One of the largest and most important settlements in the Municipality of Aristotle is Megali Panagia, known for the Grand Pilgrimage that brings scores of people here every year. The town, with approximately 2,592 residents (2011 Census, GG 3465/B/28.12.2012), is built on the foothills of the “Chtikela” rise. It is 80 km from Thessaloniki. The village was called Revenikia; it acquired its present name in 1928. It is one of the oldest settlements in Halkidiki and is often cited in Byzantine documents kept at Agion Oros; in fact, in a document from 1349 there is a reference to the “castle of Aravenikea” and to a tower. During the Ottoman occupation, it was one of the greatest Mademochoria. In 1821 it was destroyed by the Turks. In 1932 many of its old, lovely houses crumbled during the catastrophic earthquake that struck Ierissos, and some were burned during World War II.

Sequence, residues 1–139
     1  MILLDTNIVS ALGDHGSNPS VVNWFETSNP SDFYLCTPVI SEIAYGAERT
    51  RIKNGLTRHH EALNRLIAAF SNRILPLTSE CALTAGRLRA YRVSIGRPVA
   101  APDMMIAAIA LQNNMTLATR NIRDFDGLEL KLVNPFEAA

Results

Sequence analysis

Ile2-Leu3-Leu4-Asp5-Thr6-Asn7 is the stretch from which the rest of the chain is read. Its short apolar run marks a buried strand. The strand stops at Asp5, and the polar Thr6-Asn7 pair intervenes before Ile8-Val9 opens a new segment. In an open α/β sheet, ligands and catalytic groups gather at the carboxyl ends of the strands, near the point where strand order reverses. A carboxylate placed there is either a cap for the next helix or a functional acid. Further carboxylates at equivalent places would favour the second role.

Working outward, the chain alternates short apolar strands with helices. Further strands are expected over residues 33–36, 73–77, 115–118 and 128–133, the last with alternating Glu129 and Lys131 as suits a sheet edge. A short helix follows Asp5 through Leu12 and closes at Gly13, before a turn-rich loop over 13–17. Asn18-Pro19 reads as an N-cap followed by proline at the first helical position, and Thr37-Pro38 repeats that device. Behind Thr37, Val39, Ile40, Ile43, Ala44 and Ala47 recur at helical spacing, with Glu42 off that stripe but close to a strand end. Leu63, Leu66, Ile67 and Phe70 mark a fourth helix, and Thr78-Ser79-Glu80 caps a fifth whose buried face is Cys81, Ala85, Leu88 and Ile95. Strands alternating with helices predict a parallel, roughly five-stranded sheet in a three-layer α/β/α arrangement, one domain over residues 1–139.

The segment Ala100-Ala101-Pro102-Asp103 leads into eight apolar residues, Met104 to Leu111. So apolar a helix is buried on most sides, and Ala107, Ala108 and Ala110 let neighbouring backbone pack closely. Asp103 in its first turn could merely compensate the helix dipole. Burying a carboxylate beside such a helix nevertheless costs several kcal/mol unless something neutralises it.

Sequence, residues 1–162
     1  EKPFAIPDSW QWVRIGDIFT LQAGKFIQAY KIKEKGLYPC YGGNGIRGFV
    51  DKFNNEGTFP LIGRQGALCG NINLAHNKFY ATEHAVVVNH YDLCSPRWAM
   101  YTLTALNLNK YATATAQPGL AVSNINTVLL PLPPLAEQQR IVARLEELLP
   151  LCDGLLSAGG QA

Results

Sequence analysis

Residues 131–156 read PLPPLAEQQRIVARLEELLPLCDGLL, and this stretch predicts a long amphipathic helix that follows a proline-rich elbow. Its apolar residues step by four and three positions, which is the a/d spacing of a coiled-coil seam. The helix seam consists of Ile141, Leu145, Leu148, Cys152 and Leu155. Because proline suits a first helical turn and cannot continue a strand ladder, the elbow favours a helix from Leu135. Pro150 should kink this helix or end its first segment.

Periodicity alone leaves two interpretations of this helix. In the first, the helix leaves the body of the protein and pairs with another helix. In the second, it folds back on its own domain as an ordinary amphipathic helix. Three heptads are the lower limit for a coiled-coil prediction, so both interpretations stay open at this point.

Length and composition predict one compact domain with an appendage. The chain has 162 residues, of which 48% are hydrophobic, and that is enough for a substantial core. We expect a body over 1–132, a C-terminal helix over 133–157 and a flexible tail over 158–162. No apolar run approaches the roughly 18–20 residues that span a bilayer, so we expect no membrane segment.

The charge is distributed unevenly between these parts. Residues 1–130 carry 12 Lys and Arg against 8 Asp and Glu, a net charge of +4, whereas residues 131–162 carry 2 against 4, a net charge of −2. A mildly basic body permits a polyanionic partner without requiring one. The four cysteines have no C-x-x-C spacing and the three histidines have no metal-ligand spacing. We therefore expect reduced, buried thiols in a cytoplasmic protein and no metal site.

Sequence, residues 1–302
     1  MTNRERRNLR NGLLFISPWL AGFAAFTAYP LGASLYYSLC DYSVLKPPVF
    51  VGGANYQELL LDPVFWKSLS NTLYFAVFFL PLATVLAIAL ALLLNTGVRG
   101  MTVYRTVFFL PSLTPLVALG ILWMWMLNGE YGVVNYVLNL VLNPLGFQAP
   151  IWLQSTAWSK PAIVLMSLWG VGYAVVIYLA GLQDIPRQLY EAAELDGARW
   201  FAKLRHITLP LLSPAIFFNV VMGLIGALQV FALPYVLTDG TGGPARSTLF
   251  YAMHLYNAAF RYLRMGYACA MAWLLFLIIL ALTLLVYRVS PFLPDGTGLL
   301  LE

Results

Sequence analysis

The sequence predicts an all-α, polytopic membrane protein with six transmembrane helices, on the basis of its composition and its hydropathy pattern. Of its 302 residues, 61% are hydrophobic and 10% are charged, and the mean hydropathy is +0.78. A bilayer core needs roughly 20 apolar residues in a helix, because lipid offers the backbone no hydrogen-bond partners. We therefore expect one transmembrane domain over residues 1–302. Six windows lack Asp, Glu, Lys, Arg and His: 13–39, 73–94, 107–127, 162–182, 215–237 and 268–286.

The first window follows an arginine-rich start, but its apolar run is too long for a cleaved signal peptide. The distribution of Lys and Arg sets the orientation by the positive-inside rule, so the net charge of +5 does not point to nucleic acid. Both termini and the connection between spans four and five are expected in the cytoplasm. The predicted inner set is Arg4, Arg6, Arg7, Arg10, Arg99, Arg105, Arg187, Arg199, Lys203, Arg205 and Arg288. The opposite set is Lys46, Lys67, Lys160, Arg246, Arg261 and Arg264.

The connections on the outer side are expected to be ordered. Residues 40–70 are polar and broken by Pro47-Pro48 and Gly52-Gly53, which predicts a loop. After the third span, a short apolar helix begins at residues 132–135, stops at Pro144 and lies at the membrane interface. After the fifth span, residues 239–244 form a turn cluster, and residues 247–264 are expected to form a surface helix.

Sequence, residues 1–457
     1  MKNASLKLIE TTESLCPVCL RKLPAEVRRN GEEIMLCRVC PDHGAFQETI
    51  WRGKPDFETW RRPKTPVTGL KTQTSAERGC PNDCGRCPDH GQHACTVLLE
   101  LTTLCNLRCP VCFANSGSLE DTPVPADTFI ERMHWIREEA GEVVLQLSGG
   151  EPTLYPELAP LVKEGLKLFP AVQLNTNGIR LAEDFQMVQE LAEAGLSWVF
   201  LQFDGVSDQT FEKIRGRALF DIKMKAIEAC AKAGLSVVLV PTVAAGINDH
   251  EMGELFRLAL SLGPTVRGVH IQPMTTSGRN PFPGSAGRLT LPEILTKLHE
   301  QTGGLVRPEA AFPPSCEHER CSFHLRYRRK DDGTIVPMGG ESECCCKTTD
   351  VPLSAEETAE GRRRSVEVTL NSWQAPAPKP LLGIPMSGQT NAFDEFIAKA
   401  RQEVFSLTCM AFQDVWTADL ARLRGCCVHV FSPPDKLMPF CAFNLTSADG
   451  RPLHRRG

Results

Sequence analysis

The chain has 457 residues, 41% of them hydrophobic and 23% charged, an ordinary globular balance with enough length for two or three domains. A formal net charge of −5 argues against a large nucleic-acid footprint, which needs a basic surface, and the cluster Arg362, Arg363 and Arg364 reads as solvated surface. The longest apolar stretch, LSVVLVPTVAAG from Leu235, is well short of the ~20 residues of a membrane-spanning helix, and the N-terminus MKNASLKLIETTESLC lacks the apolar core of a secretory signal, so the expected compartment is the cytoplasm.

In the past, three streams crossed the settlement, but only one is visible today. A restored, arched stone bridge with a thousand-year history still stands next to the asphalt road, connecting the stream’s banks. The locals are employed in olive farming, livestock breeding, agrotourism, and logging. In the past, there were many builders who worked at Agion Oros, and many weavers.
It should be noted that the settlement got its name from the Great Pilgrimage of 1863, which is about 1.5 km away, but it is not the only monastic compound in the area. Approx. 4 km away on a passable dirt road, there is a convent called Panagia-Fovera Prostasia [Virgin Mary of Awesome Protection]. The oldest church in Megali Panagia is the so-called Panagouda which, according to tradition, was built in 1007 at the highest point of the settlement.
The chapel dedicated to the Assumption of Mary celebrates on 8 September. Another important church is dedicated to Agios Vasileios, built in 1955.